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Darwin Correspondence Project

To Susan Darwin   29 January [1826]


Jan 29.

My dear Susan

The whole family have been so very good in writing to me so often that I do not know whom to begin to thank first, so to save trouble I return my humble thanks to you all, from my Father down to little Kitty.— The Gaieties of Edinburgh are now just beginning, last week there was an Assembly, & shortly there will be another. Erasmus & ⁠⟨⁠    ⁠⟩⁠ intended to have gone to the first, but mean to make it up by going to the next.— We also have been very dissipated.— We dined at Dr. Hawley’s on Saturday, & had a very pleasant party, after which we went to the Theatre, with a Mr. Greville I believe a relation of the great Botanist, Dr. Greville.1 Dr. Hawley has procured some information about my Fathers questions & will write it shortly to him. Next Friday we are going to the old Dr. Duncan,2 & I hope it will be a pleasanter party than the last; which a very specimen of stupidity. What an extraordinary old man he is, now being past 80, & continuing to lecture. Dr. Hawley hints that he is rapidly failing. I have been most shockingly idle, actually reading two novels at once. a good scolding would do me a vast deal of good, & I hope you will send one of your most severe one’s.— What an entertaining book Granby is;3 do you remember Lady Harriet talking about inhaling ⁠⟨⁠Ni⁠⟩⁠tric Oxide? Johnson has actually done it, & describes the effects as the most intense pleasure he ever felt. We both mean to get tipsey in the Vacation.—. The old Mr. Wedgwood, I see in Ure’s Chem. Dic.,4 did nothing else but hold his nose & kick. It occasionally brings on fainting. Erasmus knows a man in Cambridge, who when in that state had the faculty of hearing, but not of motion or speech & to his horror, heard them consulting whether they should open the Temporal Artery.— Poor Eyre5 is most dangerously ill of a Fever, a friend of his has written to Erasmus stating that Eyre has a great wish to see him.— Erasmus is in a state of great perplexity what what to do, since he could not set out directly on account of not having sufficient money & by the time he could get there the fever in all probability would have terminated ⁠⟨⁠one w⁠⟩⁠ay or another. So he has written to his ⁠⟨⁠    ⁠⟩⁠ [ther] to find out some more particulars. ⁠⟨⁠We⁠⟩⁠ met when we dined at Dr. Hope’s, a Mr. Stuart, whose father was twin brother to Lord Murray or Moray   I suppose this can be no relation to the Lady Jane Stuart My Father mentioned.— Would you also tell my Father that I should be much obliged if would pay Wilding’s bill, & am quite ashamed that I forgot it myself. I am going to learn to stuff birds, from a blackamoor6 I believe an old servant of Dr. Duncan: it has the recommmendation of cheapness, if it has nothing else, as he only charges one guinea, for an hour every day for two months.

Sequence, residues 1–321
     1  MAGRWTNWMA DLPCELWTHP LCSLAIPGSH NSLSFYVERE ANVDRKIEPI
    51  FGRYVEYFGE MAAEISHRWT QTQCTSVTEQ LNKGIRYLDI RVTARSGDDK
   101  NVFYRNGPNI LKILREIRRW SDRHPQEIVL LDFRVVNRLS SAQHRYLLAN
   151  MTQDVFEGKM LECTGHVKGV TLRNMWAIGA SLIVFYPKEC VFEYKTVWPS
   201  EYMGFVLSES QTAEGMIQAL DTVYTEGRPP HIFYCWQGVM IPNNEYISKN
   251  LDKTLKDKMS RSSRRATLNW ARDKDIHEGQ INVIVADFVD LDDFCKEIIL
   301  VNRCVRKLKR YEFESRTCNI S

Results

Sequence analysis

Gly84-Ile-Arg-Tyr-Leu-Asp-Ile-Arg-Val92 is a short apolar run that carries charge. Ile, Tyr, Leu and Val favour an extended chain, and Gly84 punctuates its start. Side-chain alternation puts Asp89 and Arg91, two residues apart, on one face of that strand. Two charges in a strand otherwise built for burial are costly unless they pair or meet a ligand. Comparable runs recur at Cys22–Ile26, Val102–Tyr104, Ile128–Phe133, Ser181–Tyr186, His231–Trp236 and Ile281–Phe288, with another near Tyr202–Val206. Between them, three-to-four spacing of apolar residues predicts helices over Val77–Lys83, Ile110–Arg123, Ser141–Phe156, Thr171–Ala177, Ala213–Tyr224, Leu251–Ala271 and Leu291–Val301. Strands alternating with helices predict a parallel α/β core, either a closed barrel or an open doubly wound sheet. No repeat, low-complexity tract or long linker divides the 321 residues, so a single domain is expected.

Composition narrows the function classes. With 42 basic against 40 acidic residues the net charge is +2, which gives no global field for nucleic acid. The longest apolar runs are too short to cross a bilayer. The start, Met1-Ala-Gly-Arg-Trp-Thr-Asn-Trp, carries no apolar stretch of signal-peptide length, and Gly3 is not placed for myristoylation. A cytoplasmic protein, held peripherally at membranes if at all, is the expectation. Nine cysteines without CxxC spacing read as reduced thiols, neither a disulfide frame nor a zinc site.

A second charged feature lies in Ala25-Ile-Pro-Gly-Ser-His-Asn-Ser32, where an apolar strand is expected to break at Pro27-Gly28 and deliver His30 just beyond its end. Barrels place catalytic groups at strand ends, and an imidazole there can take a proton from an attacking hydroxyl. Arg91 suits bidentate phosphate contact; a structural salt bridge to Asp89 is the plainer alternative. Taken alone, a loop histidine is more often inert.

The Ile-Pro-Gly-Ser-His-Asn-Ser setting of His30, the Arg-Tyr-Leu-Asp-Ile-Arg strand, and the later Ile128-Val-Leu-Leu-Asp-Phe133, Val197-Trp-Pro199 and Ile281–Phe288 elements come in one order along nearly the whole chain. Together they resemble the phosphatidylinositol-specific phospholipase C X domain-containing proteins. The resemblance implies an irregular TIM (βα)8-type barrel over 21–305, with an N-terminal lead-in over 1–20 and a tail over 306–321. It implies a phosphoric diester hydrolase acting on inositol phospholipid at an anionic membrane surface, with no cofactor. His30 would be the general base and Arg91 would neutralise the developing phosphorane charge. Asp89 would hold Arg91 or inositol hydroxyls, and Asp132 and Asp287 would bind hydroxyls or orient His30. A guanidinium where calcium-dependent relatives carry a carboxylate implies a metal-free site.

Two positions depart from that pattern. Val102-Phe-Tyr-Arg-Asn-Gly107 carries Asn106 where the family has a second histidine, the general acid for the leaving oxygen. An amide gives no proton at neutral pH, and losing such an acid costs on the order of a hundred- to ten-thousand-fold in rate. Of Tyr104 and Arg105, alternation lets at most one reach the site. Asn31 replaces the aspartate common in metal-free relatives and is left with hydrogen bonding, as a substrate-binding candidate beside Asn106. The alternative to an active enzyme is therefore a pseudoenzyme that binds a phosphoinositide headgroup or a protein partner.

I rem. n— | Charles Darwin

Catherine mentions that Dr. Parker is very fond of Spark   I hope he will not forget, that she is Erasmus’, & that he returns at the end of April.—

P.S. This letter was written & sealed & I have reopened it, to acknowledge & thank for the monies. Good Bye—


Dr Andrew Duncan, the elder.
Ure 1823, p. 598. The article on ‘Nitrogen’ quotes from Davy 1800, but the reference is to Thomas Wedgwood, not, as CD supposes, to Josiah Wedgwood I of Etruria (see B. and H. Wedgwood 1980, p. 112).
Samuel Parr Eyre died 1 February 1826 (Shrewsbury School Register).
Identified by R. B. Freeman as John Edmonston, a freed slave who had been taught taxidermy by the naturalist–traveller Charles Waterton (Freeman 1978–9; Waterton 1825, p. 153).


Davy, Humphry. 1800. Researches, chemical and philosophical; chiefly concerning nitrous oxide … and its respiration. London. [Reprint 1972. London: Butterworth.]

Freeman, Richard Broke. 1978–9. Darwin’s Negro bird-stuffer. Notes and Records of the Royal Society of London 33: 83–6.

Lister, Thomas Henry. 1826. Granby. 3 vols. London.

Ure, Andrew. 1823. A dictionary of chemistry 2d ed., with additions. London.

Waterton, Charles. 1825. Wanderings in South America, the North-West of the United States, and the Antilles, in the years 1812, 1816, 1820 and 1824. With original instructions for the perfect preservation of birds, etc., for cabinets of natural history. London.

Wedgwood, Barbara and Wedgwood, Hensleigh. 1980. The Wedgwood circle, 1730–1897: four generations of a family and their friends. London: Studio Vista.


Sends thanks to all for their letters.

News of dining and theatre at Edinburgh.

CD will learn to stuff birds from "a blackamoor".

Letter details

Letter no.
Charles Robert Darwin
Susan Elizabeth Darwin
Sent from
JAN H 30 A 1826
Source of text
DAR 92: A3–4
Physical description
ALS 4pp damaged

Please cite as

Darwin Correspondence Project, “Letter no. 22,” accessed on 1 March 2024,

Also published in The Correspondence of Charles Darwin, vol. 1